This was originally published by Estates Gazettes
As employers and their employees prepare themselves for the return to the office, the indications are that the environment to which they will return will be much transformed.
It has recently been reported that the City of London has tabled plans to use existing office space in the Square Mile to create 1,500 more homes by 2030. Major employers have shut down office locations across the country and have said that the ones remaining open will run at reduced capacity, regardless of whether Government advice on homeworking where possible is relaxed.
While demand for office space is clearly down, there are those who see the return to the office as an opportunity to make better and, in some cases, a more varied use of the traditional office environment. This will bring with it the challenge of delivering more quality office space as part of commercial placemaking schemes, in an attempt to improve the working and living experience of a workforce now less accustomed to travelling into urban areas to work and congregate.
Re-envisioning the future of the office
Many of those who provide, invest in, or develop offices are forecasting that the success – or otherwise – of the return to the office will hinge on the greater flexibility and amenity sought by would-be occupants. In practice, this will mean: shorter lease terms (if indeed, occupants are even willing to sign up to leases over short-term licences and desk sharing arrangements); data-ready units requiring minimal fit-out; better office facilities (such ventilated or outdoor space and access to gyms, showers and bike storage); and proximity to transport links, shopping and social hubs (whether existing or new). The overriding objective will be to create commercial spaces that will, first, attract workers away from home and, then, encourage more engagement with these spaces, not just within the office walls but also with the nearby amenities.
In the case of the City of London, how it converts all that office space will present an interesting testing ground for what is a wider, national trend. City decisionmakers will have to be mindful of how the existing office stock, much of it in listed buildings and in need of modernisation, will fit into an increasingly residential cityscape. And what level of amenity will they need to introduce to attract workers and residents alike to a district which, in recent history at least, has failed to pull in the weekend crowds? It would seem that even 1,500 converted homes and more of the same office space will not much of a place make, without careful consideration of what will, in a post-Brexit and post-Covid world, make the City a workable as well as a liveable area.
A starring role for Local Development Orders
Some have queried whether or not Local Development Orders (LDO) could play a role in the great return and future of commercial placemaking. A LDO is a form of planning consent that replaces planning permission for a specified development or a use class in a specified area or all land within the Local Planning Authority boundary, subject to defined parameters and conditions.
Crucially, there’s no need to reinvent the wheel or enact further reform here, given it’s an existing tool within the planning system and over 100 already exist, with many providing for commercial places. They can be deployed by Local Planning Authorities backed by private sector partners but do not replace or pull other regimes into one package, unlike a Development Consent Order.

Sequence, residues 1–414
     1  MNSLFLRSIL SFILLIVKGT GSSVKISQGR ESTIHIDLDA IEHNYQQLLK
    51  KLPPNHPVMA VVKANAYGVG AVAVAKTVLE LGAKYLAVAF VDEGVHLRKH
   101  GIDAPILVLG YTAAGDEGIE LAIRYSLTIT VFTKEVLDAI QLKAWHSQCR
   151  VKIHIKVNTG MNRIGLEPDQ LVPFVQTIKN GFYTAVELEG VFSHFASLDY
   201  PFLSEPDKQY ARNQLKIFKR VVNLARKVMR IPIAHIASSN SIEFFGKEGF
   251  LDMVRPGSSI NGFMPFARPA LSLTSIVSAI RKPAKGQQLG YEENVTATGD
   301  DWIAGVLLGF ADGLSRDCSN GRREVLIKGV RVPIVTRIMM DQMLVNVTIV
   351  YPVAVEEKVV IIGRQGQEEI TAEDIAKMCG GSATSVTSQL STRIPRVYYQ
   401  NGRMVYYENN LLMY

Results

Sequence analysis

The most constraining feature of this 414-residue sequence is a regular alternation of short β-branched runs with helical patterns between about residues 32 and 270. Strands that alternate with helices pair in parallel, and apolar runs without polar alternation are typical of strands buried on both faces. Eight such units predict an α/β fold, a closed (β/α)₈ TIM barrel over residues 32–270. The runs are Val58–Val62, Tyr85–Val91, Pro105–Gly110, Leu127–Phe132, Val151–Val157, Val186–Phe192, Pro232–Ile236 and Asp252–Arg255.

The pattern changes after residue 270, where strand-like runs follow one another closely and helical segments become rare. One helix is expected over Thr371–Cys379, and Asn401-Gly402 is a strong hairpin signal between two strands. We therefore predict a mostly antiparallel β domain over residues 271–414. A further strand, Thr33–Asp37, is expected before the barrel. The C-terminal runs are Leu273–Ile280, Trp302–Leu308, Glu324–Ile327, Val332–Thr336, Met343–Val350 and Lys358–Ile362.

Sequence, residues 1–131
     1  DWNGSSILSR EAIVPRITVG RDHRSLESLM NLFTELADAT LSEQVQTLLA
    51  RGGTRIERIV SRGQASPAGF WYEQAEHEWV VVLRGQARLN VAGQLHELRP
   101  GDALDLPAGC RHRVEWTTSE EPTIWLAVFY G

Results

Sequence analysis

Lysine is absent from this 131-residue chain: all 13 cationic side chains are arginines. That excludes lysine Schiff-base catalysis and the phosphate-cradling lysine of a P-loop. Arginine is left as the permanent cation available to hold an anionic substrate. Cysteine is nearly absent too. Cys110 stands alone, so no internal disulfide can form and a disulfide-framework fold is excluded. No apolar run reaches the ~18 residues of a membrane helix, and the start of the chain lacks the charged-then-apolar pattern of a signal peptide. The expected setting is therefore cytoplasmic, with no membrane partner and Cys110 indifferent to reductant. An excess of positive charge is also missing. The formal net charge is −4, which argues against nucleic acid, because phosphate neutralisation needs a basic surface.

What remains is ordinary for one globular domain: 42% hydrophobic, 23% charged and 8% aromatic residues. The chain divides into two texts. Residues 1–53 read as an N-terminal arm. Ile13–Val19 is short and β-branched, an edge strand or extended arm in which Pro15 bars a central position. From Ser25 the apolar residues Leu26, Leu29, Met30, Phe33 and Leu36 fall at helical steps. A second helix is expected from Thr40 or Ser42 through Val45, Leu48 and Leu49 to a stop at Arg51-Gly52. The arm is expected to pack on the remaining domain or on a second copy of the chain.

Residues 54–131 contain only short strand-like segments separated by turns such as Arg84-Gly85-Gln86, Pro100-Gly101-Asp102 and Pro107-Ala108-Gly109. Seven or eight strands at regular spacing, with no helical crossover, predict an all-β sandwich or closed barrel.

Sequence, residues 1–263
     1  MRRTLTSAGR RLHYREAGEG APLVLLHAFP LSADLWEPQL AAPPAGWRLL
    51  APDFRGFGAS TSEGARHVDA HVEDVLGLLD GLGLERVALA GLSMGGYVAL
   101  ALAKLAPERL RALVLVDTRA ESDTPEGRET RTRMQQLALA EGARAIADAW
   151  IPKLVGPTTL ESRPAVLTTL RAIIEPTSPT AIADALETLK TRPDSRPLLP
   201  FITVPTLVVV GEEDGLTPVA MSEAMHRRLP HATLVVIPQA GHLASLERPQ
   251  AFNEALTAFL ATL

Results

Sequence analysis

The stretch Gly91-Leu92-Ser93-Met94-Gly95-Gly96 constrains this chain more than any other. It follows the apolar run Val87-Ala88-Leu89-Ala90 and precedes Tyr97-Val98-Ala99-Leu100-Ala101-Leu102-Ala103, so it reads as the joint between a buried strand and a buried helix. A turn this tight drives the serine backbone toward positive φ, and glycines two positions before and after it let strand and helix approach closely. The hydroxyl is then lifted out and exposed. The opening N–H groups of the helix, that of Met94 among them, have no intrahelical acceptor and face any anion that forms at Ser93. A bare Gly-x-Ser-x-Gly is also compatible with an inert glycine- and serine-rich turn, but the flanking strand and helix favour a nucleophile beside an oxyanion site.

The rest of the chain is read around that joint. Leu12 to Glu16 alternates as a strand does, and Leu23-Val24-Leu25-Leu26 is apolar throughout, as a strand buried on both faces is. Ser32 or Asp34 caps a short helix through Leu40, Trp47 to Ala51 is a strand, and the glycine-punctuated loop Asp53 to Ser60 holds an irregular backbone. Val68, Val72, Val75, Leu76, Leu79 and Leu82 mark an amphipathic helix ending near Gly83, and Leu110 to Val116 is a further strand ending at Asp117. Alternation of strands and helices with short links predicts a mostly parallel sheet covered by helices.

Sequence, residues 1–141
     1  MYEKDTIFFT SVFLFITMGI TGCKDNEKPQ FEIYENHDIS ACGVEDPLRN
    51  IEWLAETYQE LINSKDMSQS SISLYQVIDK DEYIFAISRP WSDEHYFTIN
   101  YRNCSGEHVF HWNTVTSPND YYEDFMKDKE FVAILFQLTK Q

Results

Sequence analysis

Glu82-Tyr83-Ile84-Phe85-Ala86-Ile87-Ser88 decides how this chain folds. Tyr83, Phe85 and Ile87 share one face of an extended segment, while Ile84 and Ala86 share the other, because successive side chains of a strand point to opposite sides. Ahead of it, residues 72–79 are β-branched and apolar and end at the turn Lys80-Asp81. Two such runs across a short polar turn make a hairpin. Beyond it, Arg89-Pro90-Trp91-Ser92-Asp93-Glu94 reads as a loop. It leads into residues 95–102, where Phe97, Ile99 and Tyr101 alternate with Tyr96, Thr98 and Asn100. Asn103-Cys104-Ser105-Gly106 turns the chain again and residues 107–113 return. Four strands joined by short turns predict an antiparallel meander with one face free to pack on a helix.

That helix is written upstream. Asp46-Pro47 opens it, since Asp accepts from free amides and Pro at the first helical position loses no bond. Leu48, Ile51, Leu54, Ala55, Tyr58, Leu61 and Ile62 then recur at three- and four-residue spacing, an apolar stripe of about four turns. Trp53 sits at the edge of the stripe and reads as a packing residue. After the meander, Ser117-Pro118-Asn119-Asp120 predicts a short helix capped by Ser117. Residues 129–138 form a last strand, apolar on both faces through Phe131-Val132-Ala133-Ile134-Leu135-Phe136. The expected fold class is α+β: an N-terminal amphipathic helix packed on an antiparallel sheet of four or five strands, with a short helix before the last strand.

In very broad terms, the LDO acts as the permission for a developer and removes the need to prepare a planning application, avoids the possibility of getting bogged down in the planning application process and takes away the judicial review risk associated with planning permission. Unlike reserved matters approvals there is simply a requirement to conform to the Design Code or similar document, thereby bringing a unique level of certainty to the application.
The proof is in the pudding
LDOs and the development of their Design Codes can play a significant role in incentivising the return to offices by facilitating the reset in how we approach commercial places but in a way that also allows development at speed.
Take by way of example Somerset and West Taunton, who adopted their “Small Scale Employment Space (Affordable Employment)” LDO in September 2020. This LDO’s aim is to increase the delivery of small-scale employment space. While its genesis was pre-Covid, its application could be an excellent model providing for small scale office, research and light industrial space. Sticking with the south west, Cornwall Council similarly adopted an area specific LDO for Nansledan, which specifically provides for employment space and will provide an example of commercial space being brought forward under an LDO in a post-Covid working world.
As these examples demonstrate, area specific LDOs and Design Codes for commercial placemaking hold real potential for the types of new (or regenerated) commercial places that will be needed to attract people back to the office. Thankfully, with these tools already at our disposal, it won’t be a case of starting afresh. Rather, the question now is whether we can be bold enough to pick them up and utilise them to their full potential.
This publication is a general summary of the law. It should not replace legal advice tailored to your specific circumstances.
© Farrer & Co LLP, May 2021